November 2007 - Call Compliance News
The FCC has issued a Notice of Forfeiture in the amount of $13,500 against a roofer which allegedly sent unsolicited telephone facsimile advertisements. The Notice of Forfeiture follows a Citation. The FCC normally can not assess penalties without first citing the offending entity. If you receive a FCC Citation, however, you should treat it seriously and respond in a timely fashion with defenses against the FCC’s allegations. Normally, the FCC does not conduct independent fact finding prior to issuing a Citation when it receives a consumer complaint regarding the TCPA. It is thus very important to review the complaint underlying the Citation to determine if it is actually a valid violation of the TCPA or its regulations. If it is not, you should immediately contact the FCC to arrange a hearing and the Citation is time sensitive and becomes final if that hearing is not scheduled (even if the underlying complaint is not valid).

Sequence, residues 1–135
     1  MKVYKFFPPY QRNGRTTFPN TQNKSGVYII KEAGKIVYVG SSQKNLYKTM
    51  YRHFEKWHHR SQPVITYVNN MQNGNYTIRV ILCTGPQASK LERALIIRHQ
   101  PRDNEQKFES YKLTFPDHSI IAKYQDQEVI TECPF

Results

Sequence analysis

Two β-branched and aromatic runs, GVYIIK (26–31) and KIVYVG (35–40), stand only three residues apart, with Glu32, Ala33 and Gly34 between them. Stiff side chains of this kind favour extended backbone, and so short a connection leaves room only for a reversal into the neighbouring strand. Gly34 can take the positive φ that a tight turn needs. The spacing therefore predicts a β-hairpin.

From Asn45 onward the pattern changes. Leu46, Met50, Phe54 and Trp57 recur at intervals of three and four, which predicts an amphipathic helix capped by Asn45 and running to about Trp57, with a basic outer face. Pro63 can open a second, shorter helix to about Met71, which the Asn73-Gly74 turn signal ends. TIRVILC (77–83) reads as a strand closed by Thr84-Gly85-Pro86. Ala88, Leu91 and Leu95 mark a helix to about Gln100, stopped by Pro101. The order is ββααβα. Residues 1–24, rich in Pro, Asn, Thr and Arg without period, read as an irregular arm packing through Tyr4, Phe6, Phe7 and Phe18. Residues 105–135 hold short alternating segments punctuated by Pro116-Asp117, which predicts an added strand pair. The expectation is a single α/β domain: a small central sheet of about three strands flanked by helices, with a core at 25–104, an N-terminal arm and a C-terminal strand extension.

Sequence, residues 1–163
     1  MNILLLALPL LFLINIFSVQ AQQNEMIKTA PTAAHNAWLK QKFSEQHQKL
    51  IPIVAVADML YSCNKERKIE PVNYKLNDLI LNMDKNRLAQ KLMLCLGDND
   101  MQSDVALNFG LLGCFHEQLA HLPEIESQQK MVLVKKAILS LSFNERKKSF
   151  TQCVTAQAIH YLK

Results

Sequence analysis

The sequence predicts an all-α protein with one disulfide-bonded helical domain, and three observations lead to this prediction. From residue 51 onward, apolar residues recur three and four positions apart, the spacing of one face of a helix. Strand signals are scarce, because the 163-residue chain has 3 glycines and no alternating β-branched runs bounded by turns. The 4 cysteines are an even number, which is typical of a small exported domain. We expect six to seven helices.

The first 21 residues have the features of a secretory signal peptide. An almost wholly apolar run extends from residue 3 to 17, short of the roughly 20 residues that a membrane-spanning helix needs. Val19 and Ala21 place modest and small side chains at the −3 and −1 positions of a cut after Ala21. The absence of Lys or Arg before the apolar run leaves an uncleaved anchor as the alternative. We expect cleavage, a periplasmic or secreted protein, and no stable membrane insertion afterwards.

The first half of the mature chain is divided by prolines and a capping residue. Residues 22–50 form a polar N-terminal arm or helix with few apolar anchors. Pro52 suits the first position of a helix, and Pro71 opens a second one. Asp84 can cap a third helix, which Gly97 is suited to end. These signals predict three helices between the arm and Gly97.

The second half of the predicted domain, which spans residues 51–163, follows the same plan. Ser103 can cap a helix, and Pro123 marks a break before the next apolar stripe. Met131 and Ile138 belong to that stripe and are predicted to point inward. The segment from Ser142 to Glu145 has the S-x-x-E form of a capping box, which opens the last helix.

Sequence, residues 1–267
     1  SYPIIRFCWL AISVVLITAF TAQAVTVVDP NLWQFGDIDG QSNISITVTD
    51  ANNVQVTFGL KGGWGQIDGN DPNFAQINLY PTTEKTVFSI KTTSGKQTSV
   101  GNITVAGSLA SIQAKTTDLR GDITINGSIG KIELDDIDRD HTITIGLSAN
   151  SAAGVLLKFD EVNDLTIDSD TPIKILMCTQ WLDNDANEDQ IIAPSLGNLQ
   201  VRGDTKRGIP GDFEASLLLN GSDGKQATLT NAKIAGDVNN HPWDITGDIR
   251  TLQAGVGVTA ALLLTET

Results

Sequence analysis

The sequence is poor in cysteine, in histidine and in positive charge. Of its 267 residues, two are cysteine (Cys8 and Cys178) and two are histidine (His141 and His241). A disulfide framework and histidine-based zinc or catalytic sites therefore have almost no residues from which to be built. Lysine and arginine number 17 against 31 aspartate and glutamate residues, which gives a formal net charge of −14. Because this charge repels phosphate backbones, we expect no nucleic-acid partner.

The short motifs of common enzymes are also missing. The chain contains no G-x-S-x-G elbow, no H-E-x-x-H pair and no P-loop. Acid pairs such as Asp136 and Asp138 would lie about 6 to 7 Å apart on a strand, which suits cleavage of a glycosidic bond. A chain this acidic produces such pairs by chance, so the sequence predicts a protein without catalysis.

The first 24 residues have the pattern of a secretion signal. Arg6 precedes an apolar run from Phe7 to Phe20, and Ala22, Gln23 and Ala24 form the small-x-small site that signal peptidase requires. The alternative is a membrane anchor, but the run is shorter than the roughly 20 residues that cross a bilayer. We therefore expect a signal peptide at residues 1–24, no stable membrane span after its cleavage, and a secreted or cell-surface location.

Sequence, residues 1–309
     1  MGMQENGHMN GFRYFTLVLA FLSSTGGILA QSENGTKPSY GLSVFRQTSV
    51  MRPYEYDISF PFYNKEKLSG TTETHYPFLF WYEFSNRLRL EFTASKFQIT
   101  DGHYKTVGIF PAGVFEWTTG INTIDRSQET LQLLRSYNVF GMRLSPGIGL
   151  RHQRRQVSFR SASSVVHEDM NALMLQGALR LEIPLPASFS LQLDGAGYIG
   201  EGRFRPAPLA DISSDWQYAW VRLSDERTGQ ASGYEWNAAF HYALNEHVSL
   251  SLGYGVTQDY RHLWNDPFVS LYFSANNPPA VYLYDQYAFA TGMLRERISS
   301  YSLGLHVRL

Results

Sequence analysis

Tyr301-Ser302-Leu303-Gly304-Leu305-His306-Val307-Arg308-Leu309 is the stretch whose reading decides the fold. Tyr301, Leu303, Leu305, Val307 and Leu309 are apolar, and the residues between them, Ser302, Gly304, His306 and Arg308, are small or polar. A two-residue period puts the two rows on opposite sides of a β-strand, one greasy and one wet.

A Texas based debt collection company will pay more than $1.3 million to settle FTC allegations that it violated the Fair Debt Collection Practices Act. The debt collector allegedly disclosed the existence of debts to family members and coworkers and harassed consumers using abusive tactics including racial slurs and profanity. The settlement also requires defendants to clearly and conspicuously disclose consumers’ FDCPA rights in future collection activity. The FDCPA can be enforced by private plaintiffs and government regulators and is often used in class action litigation against debt collectors.
The FTC has created a consumer hotline for consumers who purchased debt reduction services from five entities which allegedly falsely claimed that they would negotiate with creditors and begin paying creditors on behalf of consumers. The FTC has shut down all five companies through court action. Services which represent an ability to improve a consumer’s credit rating, or reduce debt to credit card companies, have been an area of high FTC enforcement over the past 4 years.